Somalia: Media Community Rejects the Proposed Law on Media
The media community in Mogadishu concluded, at a debate held on July 18, 2013, organized by the National Union of Somali Journalists (NUSOJ), that the contents and the manner of preparation of the draft Law on Media proposed by the Government were utterly unacceptable.
More than 30 media representatives coming from radio stations, television network operators, newspaper and international news organisations expressed their objections to the proposed draft law and raised the question whether there is a need for such a repressive law on media in Somalia.
As noted in the discussions, the draft Law goes well beyond the area of broadcasting media, the only media sector traditionally licenced by a legal system, and pushes the media and the journalists further into self-censorship. National Media Council is not independent and journalists will have to disclose their confidential sources and while representatives and journalists working for foreign media are discriminated.
The draft law met unanimous condemnation of the meeting and it was termed another attempt against the freedom of expression and media.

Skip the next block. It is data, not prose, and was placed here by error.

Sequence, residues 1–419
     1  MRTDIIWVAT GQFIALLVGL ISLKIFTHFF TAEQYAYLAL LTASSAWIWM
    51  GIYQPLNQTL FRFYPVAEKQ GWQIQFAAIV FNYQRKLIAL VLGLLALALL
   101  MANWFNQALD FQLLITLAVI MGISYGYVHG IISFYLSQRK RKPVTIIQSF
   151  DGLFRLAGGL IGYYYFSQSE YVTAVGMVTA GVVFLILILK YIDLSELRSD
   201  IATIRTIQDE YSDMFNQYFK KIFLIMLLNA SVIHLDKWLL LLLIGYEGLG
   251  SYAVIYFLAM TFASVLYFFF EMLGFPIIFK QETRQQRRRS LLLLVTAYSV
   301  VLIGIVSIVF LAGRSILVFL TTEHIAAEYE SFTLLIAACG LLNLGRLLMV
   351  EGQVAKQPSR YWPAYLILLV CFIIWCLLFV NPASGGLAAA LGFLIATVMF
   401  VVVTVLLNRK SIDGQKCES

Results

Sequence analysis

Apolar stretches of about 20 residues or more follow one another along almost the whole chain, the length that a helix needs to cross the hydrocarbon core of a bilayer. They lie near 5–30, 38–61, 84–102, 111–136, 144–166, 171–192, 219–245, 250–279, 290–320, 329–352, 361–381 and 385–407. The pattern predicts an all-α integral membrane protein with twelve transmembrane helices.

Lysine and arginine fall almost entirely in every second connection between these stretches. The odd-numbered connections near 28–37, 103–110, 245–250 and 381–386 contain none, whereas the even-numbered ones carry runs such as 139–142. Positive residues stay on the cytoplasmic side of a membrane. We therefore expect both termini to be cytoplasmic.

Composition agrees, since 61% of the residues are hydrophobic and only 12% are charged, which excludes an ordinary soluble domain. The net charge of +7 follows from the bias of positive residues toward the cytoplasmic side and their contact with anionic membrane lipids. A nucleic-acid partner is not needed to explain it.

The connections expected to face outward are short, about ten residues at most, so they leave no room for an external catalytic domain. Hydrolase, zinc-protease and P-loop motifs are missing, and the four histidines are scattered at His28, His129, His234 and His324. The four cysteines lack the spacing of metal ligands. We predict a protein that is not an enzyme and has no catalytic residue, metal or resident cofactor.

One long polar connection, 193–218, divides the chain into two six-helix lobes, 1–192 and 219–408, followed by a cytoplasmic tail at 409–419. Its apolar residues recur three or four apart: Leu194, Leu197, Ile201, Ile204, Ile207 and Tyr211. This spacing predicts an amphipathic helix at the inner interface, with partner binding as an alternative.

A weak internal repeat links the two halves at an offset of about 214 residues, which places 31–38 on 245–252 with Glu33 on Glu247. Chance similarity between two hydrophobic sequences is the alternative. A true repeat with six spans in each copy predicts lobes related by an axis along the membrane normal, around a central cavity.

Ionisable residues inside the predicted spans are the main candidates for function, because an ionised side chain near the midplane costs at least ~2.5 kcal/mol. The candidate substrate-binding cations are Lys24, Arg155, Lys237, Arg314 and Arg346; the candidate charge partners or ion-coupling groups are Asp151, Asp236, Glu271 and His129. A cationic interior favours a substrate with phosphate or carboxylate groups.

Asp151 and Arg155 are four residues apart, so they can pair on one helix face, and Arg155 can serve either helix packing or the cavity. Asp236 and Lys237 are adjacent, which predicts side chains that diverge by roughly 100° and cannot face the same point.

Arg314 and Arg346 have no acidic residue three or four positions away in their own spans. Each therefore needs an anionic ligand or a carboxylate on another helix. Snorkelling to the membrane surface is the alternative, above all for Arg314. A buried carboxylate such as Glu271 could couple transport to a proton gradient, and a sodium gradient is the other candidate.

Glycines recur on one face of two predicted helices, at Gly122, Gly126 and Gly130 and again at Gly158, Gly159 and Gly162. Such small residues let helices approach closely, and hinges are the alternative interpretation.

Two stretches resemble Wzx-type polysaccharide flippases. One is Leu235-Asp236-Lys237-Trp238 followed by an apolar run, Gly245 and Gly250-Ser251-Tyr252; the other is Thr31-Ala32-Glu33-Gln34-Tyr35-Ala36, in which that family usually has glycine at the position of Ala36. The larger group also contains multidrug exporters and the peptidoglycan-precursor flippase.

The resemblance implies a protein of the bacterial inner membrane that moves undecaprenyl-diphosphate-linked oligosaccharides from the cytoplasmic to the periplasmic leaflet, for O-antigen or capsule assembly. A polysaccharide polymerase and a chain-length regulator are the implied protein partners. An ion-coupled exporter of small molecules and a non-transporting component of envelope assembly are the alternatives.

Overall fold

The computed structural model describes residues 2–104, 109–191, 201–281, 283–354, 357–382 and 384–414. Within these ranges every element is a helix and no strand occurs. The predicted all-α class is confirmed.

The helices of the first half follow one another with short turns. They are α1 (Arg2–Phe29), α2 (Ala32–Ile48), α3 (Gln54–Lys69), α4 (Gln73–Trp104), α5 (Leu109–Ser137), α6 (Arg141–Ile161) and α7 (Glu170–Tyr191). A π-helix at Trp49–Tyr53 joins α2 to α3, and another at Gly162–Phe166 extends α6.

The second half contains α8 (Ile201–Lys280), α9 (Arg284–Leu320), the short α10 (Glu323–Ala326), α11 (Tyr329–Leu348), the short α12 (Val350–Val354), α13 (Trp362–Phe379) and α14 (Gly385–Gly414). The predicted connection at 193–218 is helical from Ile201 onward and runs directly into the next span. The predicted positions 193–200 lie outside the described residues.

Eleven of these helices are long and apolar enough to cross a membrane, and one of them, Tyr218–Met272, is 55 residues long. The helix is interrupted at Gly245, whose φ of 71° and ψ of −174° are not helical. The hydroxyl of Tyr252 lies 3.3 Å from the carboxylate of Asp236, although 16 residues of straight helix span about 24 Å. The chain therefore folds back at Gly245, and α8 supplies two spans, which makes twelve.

“The media community has taken a unified position on this draconian and repressive draft law on media” said Mohamed Bashir Hashi, Chair of NUSOJ Branch in Mogadishu and Editor of Radio Shabelle. “This draft has a lot of problems and we cannot accept it”.
The Mogadishu media representatives called on the Federal Government to amend this severely restrictive bill, thus reaffirming the government’s commitment to media freedom and freedom of expression.
Parliamentarians who attended this meeting were informed that the draft law is an affront to the Constitution of Somalia, and the parliament was called on to reject the current draft. The draft fails to categorically state that it is an amendment to December 2007 Media Law thus raising the question of where is the amendment of December 2007 media law.
Mogadishu Media representatives expressed their preparedness to engage dialogue with the government and parliament to organize an active, inclusive and open process of consultations to come forward with a proposal for amendments to the existing draft media legislation that would best respond to the needs of a free media.